Get Task & Purpose in your inbox
The future is here, and with it comes a potential replacement for combat troops: badass unmanned aerial vehicles that drop ordnance and take out enemy targets with a delightful arsenal of built-in armaments. Now, one company wants to to eliminate the need for boots on the ground altogether
In a video published on Aug. 8, Florida-based startup Duke Robotics bills the TIKAD, a gun-toting drone bristling with weapons, as “the future soldier.” Though the name suggests it’s an acronym, there’s no evidence to support that, but we think it might stand for “Totally Insane Killer Aerial Drone,” because it can go places that are too dangerous for troops.
Remotely piloted, the remote-controlled eight-rotor TIKAD can carry up to three times its weight and is equipped to man a variety of different weapons, including machine guns. And it can be operated by soldiers on a tablet from remote locations, according to Extreme Tech.
Duke Robotics is framing the TIKAD as a simple solution for a voting public exhausted by rising casualty count of America’s forever wars. “Troops can use TIKAD to handle potentially dangerous situations quickly and efficiently from the air, reducing the need to send our sons and daughters into harm’s way,” the company claims. “This technology also allows troops to potentially disarm a situation remotely, without ever deploying a ground presence.”
The Department of Defense is reportedly already impressed with TIKAD. In 2016, the drone was awarded two prizes by the Pentagon: The Security Innovation Award and first prize at the Combating Terrorism Technology Conference sponsored by the Combating Terrorism Technical Support Office, according to Guns.com.
“Warfare is inevitable,” the company says. “Mass casualties should not be. Our defense technology is changing constantly, but until now, there has never been a solution that truly prevents casualties.” The company hopes TIKAD will fill that need, but so far, only the Israeli military is has publicly voiced interested in TIKAD.
In its 2017 budget request, the Pentagon asked Congress for $4.61 billion for drones, less than in previous years, due to the drawdown, but we can only imagine that number will rise as drone warfare proves a safer, more efficient option for warfighting.
Task & Purpose reached out to Duke Robotics and will update as more information becomes available.
‘I made promises to the people that I lost’— How the Iraq war forged a Navy SEAL’s path to Harvard Medical School and NASA
Navy Lt. Jonny Kim went viral last week when NASA announced that he and 10 other candidates (including six other service members) became the newest members of the agency's hallowed astronaut corps. A decorated Navy SEAL and graduate of Harvard Medical School, Kim in particular seems to have a penchant for achieving people's childhood dreams.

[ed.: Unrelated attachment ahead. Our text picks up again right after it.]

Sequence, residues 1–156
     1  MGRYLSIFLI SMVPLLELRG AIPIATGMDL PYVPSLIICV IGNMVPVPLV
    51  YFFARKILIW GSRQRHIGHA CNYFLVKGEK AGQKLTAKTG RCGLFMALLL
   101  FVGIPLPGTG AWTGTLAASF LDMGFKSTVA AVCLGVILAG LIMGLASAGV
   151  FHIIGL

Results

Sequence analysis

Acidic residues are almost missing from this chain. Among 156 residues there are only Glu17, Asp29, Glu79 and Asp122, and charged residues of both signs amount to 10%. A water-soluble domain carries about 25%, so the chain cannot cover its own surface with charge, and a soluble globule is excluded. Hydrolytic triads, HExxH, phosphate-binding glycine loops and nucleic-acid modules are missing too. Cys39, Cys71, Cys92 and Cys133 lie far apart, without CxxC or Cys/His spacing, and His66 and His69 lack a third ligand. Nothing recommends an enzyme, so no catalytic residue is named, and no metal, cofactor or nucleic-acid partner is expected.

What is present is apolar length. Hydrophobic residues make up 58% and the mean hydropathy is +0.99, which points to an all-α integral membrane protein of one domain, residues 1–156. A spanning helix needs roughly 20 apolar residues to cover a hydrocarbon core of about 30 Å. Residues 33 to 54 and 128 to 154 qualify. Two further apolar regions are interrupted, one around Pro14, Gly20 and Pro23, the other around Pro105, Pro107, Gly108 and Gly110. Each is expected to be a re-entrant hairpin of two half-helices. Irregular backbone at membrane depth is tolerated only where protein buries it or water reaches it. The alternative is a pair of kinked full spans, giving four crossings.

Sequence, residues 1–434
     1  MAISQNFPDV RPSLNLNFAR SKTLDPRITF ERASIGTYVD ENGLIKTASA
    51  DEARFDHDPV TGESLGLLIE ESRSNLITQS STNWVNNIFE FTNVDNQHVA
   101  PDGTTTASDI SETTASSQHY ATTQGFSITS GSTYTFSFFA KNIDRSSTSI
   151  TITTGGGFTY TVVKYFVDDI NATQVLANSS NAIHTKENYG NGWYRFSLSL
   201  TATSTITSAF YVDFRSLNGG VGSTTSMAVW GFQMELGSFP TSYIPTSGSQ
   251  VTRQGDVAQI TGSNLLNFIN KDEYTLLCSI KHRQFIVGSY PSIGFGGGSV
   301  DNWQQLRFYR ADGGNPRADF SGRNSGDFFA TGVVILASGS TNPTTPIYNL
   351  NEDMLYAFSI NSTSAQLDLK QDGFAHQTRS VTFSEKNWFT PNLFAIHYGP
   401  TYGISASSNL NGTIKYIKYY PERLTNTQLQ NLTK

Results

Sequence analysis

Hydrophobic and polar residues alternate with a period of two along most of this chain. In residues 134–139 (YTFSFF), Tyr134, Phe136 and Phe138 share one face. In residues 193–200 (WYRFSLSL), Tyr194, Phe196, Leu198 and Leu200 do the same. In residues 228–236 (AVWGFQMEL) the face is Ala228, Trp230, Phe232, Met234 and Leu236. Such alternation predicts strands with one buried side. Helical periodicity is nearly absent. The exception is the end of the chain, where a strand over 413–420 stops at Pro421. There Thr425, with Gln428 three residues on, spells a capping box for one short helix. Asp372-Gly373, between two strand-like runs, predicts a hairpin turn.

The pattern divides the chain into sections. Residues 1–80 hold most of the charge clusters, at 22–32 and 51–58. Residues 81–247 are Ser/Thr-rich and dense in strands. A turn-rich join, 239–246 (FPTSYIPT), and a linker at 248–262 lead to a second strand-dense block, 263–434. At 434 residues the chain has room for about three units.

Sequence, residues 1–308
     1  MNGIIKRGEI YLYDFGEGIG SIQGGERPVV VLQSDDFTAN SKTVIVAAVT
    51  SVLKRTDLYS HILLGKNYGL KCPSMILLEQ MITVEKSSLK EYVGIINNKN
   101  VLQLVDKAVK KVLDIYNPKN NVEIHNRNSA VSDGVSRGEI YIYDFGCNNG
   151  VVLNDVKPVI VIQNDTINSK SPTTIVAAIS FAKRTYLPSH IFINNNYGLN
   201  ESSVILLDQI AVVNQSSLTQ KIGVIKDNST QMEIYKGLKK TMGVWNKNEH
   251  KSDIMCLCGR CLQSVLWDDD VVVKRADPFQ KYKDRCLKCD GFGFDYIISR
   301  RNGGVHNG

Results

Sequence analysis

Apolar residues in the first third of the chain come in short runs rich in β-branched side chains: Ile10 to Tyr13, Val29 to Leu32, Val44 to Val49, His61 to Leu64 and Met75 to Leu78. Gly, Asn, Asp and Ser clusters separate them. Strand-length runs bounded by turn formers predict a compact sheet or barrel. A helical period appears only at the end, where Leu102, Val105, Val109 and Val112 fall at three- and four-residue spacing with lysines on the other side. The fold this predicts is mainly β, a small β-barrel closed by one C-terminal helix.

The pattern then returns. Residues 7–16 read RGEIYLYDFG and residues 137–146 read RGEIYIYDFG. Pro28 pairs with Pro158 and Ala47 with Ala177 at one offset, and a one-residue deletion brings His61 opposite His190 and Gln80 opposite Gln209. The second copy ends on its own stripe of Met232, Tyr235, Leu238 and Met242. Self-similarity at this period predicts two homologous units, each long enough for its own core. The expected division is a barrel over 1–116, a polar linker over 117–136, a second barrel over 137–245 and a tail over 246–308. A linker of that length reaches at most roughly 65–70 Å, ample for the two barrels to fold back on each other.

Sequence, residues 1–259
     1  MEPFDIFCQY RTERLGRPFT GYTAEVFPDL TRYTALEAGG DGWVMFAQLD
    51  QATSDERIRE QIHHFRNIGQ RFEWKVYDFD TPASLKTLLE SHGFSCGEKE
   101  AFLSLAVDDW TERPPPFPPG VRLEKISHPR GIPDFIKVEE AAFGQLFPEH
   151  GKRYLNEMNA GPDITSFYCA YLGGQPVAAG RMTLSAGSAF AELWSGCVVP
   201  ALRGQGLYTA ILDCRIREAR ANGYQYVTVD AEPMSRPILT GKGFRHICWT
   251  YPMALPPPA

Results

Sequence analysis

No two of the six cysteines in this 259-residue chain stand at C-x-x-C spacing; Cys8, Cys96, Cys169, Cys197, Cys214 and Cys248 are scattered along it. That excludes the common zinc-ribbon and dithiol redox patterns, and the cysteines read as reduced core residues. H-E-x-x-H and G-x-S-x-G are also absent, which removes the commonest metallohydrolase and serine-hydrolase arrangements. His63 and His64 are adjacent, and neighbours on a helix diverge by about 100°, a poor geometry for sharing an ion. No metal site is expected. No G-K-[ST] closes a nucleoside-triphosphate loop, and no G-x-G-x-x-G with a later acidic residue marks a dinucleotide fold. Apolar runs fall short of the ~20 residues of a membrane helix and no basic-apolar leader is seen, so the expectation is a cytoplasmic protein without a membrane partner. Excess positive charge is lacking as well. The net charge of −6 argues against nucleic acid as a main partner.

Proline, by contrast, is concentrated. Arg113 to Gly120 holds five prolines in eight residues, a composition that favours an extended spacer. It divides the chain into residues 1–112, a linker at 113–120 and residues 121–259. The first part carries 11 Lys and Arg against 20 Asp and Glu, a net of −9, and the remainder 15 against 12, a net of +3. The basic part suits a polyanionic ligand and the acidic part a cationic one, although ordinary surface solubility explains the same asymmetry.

However, Kim shared with Task & Purpose that his motivation for living life the way he has stems not so much from starry-eyed ambition, but from the pain and loss he suffered both on the battlefields of Iraq and from childhood instability while growing up in Los Angeles. Kim tells his story in the following Q&A, which was lightly edited for length and clarity:
You can almost smell the gunpowder in the scene captured by a Marine photographer over the weekend, showing a Marine grunt firing a shotgun during non-lethal weapons training.
A Marine grunt stationed in Camp Lejeune, North Carolina is being considered for an award after he saved the lives of three people earlier this month from a fiery car crash.
Cpl. Scott McDonell, an infantry assaultman with 1st Battalion, 2nd Marine Regiment, was driving down Market Street in Wilmington in the early morning hours of Jan. 11 when he saw a car on fire after it had crashed into a tree. Inside were three victims aged 17, 20, and 20.
"It was a pretty mangled wreck," McDonell told ABC 15. "The passenger was hanging out of the window."
New Vietnam War movie 'The Last Full Measure' takes some well-deserved shots at the military’s award process
Todd Robinson's upcoming Vietnam War drama, The Last Full Measure, is a story of two battles: One takes place during an ambush in the jungles of Vietnam in 1966, while the other unfolds more than three decades later as the survivors fight to see one pararescueman's valor posthumously recognized.
With ISIS trying to reorganize itself into an insurgency, most attacks on U.S. and allied forces in Iraq are being carried out by Shiite militias, said Air Force Maj. Gen. Alex Grynkewich, the deputy commander for operations and intelligence for U.S. troops in Iraq and Syria.
"In the time that I have been in Iraq, we've taken a couple of casualties from ISIS fighting on the ground, but most of the attacks have come from those Shia militia groups, who are launching rockets at our bases and frankly just trying to kill someone to make a point," Grynkewich said Wednesday at an event hosted by the Air Force Association's Mitchell Institute for Aerospace Studies.